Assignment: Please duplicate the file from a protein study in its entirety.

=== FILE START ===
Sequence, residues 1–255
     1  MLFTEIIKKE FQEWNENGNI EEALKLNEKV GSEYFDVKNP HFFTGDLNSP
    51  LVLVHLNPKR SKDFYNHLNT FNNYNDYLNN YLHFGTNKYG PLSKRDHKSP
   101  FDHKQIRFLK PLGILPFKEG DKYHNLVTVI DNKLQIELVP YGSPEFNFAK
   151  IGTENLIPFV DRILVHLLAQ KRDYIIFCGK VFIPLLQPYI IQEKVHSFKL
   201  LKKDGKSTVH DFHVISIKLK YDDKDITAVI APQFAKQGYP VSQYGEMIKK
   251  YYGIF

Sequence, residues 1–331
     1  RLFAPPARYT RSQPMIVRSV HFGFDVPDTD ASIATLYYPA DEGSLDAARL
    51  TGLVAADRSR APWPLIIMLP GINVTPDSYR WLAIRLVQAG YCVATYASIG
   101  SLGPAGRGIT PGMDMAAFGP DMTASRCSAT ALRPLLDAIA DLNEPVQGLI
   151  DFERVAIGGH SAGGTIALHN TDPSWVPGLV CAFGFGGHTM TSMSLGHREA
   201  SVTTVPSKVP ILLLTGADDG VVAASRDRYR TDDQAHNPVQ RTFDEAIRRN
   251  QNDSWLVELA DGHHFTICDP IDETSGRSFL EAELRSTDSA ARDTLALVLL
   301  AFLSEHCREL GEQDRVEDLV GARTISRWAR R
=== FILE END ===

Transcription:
Sequence, residues 1–255
     1  MLFTEIIKKE FQEWNENGNI EEALKLNEKV GSEYFDVKNP HFFTGDLNSP
    51  LVLVHLNPKR SKDFYNHLNT FNNYNDYLNN YLHFGTNKYG PLSKRDHKSP
   101  FDHKQIRFLK PLGILPFKEG DKYHNLVTVI DNKLQIELVP YGSPEFNFAK
   151  IGTENLIPFV DRILVHLLAQ KRDYIIFCGK VFIPLLQPYI IQEKVHSFKL
   201  LKKDGKSTVH DFHVISIKLK YDDKDITAVI APQFAKQGYP VSQYGEMIKK
   251  YYGIF

Sequence, residues 1–331
     1  RLFAPPARYT RSQPMIVRSV HFGFDVPDTD ASIATLYYPA DEGSLDAARL
    51  TGLVAADRSR APWPLIIMLP GINVTPDSYR WLAIRLVQAG YCVATYASIG
   101  SLGPAGRGIT PGMDMAAFGP DMTASRCSAT ALRPLLDAIA DLNEPVQGLI
   151  DFERVAIGGH SAGGTIALHN TDPSWVPGLV CAFGFGGHTM TSMSLGHREA
   201  SVTTVPSKVP ILLLTGADDG VVAASRDRYR TDDQAHNPVQ RTFDEAIRRN
   251  QNDSWLVELA DGHHFTICDP IDETSGRSFL EAELRSTDSA ARDTLALVLL
   301  AFLSEHCREL GEQDRVEDLV GARTISRWAR R